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Snapping this bolt is a very easy thing to do. On my own bike, it snapped 2 ft./lbs. before the specified torque setting.

Have you had the oil filter cover off to see what's left of the bolt? Often, the bolt snaps at the top of the threaded portion leaving a small piece protruding from the inner casing which can be turned out with pliers. The piece that's left will not be tight in the hole so anyway you turn it will generally do it.

I replced mine with a higher quality bolt. I think the stock bolts are made from pretty soft metal.

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Good to hear you got the bolt out. :cry: You can look on the bright side of things at least the bolts snap and not the other way round, stripping the thread in the casing, now that is a nightmare. I wonder if the bolts are designed for that to happen or is that asking too much. :cry:

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look on the bright side of things at least the bolts snap and not the other way round, stripping the thread in the casing, now that is a nightmare.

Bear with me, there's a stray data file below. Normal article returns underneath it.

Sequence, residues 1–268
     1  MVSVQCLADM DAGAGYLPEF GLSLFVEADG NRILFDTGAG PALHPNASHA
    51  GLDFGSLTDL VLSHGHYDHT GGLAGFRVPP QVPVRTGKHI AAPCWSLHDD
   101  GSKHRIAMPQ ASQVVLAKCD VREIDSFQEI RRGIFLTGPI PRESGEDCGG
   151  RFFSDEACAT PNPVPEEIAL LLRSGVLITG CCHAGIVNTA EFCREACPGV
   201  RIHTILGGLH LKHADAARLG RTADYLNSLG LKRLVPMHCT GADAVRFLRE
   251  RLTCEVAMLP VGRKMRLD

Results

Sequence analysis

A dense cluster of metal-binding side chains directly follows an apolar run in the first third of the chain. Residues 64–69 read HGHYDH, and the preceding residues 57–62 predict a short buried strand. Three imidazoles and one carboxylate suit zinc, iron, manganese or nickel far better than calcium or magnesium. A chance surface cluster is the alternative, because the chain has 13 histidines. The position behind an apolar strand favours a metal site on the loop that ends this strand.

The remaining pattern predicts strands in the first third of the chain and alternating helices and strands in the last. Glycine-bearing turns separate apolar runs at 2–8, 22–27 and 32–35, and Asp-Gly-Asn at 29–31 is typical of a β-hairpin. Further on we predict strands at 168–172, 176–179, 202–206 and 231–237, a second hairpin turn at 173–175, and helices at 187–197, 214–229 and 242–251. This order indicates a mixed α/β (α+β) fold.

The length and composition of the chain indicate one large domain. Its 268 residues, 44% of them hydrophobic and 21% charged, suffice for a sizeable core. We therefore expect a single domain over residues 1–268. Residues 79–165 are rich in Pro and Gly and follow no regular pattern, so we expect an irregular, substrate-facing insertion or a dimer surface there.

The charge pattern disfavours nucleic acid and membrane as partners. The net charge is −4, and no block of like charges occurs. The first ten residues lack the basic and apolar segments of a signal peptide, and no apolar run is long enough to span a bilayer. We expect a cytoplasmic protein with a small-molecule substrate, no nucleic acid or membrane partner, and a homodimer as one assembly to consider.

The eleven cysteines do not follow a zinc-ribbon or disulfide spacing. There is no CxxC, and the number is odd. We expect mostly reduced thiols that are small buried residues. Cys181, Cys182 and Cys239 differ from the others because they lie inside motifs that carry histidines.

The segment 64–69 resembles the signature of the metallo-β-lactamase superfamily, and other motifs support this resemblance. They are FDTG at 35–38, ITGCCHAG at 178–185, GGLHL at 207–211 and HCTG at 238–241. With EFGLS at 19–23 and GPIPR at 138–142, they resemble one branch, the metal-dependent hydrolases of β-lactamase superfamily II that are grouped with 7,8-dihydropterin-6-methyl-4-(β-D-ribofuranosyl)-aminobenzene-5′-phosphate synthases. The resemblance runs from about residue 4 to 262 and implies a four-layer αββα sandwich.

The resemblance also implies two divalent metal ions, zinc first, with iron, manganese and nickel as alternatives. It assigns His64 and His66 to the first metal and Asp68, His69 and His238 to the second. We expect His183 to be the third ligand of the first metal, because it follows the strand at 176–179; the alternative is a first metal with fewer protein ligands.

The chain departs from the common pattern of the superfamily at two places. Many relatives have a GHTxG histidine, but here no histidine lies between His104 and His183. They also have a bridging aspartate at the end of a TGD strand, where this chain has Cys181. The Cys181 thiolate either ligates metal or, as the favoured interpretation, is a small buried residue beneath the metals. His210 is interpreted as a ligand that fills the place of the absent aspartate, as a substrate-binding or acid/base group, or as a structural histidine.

:cry: :cry: ahh flashbacks from my old bike...not only did it strip but busted a chunk out of the case :cry: :cry:

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IMPORTANT!

This is a very common mistake. The values of torque given in the manuals are for DRY THREADS. If there is oil on the treads, then I always lower the torque value by about 20 percent. This is extreemly important for all fasteners on all equipment. You can do a search on the internet for all sorts of information on this subject if you want verification. Three factors are used by manufacturers to caculate the torque value that they put into tech manuals. They are bolt stretch, thread friction and underside bolt head friction. The values given in all tech manuals are for dry threads for consistency. The mechanic has to use these values as guides in determining what the acutal value should be in his circumstance.